* Supreme Court justices are “basically rewriting the law,” sometimes years after the fact. As it turns out they’ve been quietly “changing the wording of opinions” — sometimes, even our legal idols make mistakes. [New York Times]

* Many law school deans at leading law schools are pretty pissed off about Justice Antonin Scalia’s latest criticisms of the legal academy. Please, continue taking “Law and Unicorns.” It’s a real class, we promise! [National Law Journal]

* Judge Randall Rader, who recently resigned as the Federal Circuit’s chief judge, released a memo to his colleagues apologizing for his scandalous recusals in a pair of patent cases. Poor guy. [WSJ Law Blog]

* Peter Alexander, Indiana Tech Law’s dean, has resigned less than a year after opening the school’s doors. The school’s interim dean doesn’t use capital letters in his name. That’s cute. [Journal Gazette]

* Très, très déclassé: Mahbod Moghadam, formerly of Dewey & LeBoeuf, was fired from Rap Genius after he inappropriately annotated suspected Santa Barbara shooter Elliot Rodgers’s manifesto. [Re/code]

Ed. note: Above the Law will not be publishing on Monday, May 26, in observance of the Memorial Day holiday.

* Who cleans up after Godzilla rolls into town? I figure it’s Damage Control. [The Legal Geeks]

* So we all know University of Texas Law admits politically-connected students with bad grades and scores. But did you know they let in someone with a 128 on the LSAT? ONE. TWENTY. EIGHT. [Watchdog.org]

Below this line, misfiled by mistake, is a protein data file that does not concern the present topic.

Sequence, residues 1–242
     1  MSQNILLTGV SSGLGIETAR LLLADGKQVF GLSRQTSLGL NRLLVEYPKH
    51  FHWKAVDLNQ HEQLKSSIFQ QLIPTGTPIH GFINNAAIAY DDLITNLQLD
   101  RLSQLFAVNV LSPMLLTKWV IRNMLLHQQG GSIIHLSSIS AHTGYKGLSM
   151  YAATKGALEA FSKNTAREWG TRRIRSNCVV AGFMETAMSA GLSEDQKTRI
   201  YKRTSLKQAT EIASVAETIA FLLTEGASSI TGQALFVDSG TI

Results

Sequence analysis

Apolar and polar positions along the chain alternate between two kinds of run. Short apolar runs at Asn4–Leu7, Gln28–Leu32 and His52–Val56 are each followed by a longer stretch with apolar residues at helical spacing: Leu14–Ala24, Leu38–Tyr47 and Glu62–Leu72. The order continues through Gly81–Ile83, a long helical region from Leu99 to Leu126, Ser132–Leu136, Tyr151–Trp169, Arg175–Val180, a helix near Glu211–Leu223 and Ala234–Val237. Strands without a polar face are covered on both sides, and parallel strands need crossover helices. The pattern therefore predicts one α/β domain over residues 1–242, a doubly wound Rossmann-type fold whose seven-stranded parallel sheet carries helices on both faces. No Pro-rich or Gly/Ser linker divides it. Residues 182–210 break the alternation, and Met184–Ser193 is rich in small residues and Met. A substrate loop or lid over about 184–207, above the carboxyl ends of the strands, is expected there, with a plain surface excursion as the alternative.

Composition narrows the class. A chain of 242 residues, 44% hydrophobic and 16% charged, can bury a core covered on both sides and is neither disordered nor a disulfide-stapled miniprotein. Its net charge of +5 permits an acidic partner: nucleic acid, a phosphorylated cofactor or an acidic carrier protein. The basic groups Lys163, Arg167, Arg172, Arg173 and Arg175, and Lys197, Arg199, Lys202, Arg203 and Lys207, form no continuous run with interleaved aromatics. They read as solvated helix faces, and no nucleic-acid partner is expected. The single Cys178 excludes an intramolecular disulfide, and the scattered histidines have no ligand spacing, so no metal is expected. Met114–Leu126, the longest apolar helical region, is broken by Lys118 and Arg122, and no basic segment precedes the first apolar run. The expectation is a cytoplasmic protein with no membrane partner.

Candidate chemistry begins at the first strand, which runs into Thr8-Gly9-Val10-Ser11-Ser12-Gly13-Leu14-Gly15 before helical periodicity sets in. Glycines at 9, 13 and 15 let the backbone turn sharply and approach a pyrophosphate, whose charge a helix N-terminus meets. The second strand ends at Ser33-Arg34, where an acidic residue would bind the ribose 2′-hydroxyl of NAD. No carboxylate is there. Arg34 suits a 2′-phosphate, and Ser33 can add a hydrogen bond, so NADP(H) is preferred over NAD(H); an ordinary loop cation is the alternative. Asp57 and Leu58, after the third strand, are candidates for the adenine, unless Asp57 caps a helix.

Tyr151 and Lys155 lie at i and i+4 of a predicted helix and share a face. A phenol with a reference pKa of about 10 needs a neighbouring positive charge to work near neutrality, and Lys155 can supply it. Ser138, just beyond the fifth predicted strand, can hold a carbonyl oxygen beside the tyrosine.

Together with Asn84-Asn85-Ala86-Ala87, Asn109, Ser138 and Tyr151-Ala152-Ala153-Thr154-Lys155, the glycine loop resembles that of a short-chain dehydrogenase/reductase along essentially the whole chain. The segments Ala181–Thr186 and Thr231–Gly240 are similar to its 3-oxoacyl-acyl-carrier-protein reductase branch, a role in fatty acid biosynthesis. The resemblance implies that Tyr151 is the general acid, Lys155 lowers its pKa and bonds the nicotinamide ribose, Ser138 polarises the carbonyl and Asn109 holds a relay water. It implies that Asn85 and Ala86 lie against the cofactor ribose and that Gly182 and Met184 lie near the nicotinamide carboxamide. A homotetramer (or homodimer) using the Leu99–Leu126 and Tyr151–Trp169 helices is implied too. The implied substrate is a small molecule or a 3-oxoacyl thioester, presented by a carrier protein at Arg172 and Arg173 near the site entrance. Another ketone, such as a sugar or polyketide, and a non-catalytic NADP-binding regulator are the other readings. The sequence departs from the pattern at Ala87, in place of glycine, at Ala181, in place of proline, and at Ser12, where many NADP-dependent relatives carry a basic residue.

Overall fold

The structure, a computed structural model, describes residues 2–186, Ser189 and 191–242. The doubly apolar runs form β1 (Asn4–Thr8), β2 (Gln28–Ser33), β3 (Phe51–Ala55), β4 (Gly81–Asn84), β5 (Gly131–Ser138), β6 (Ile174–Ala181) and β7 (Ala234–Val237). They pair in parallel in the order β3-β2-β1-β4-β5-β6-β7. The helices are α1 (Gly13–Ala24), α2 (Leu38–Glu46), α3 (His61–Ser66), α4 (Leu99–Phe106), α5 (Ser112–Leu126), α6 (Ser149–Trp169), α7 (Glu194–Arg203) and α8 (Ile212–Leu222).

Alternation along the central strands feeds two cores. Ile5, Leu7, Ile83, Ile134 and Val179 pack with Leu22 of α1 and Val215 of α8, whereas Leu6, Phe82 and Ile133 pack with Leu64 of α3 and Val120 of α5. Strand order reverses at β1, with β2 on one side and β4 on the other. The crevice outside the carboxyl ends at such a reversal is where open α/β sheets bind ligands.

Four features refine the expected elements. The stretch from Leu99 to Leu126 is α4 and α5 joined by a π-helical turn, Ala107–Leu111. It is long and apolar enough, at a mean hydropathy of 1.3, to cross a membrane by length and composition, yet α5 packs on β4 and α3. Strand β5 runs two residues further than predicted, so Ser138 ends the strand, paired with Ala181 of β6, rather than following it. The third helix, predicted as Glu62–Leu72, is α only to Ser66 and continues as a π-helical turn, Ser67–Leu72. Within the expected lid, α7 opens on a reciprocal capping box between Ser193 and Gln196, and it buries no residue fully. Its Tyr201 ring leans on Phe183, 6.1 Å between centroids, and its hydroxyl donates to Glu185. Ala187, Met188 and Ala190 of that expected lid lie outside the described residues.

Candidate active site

* Do we even need the Supreme Court? Well, that’s one way to get RBG to retire. [Huffington Post]

* Seriously, the Boston Public School system is eliminating its history department. [Lawyers, Guns & Money]

* Yesterday I talked about a devastating takedown of the latest National Review article contending that sexual assault is no big deal. Perhaps I crowned a champion too soon, because this is an even better whipping of that article. [Concurring Opinions]

* Wait, ID laws ultimately suppress voter turnout? What a surprise! [Election Law Blog]

* The last word in the death penalty debate after the jump… [The Onion]

double red triangle arrows Continue reading “Non-Sequiturs: 05.23.14″

Justice Sonia Sotomayor

Reason enough why no country should ever engage in the practice of Affirmative Action again. This could be the result. Where would she be if she didn’t hit the quota lottery? Here’s a hint: “Would you like to supersize that sir?”

– Florida Assistant State Attorney Kenneth Lewis, in a message expressing his love for Justice Sonia Sotomayor on Facebook. Lewis also posted messages suggesting that “crack hoes” get their tubes tied for Mother’s Day, and in support of Donald Sterling and the right to free speech.

Page 7 of 1311...34567891011...131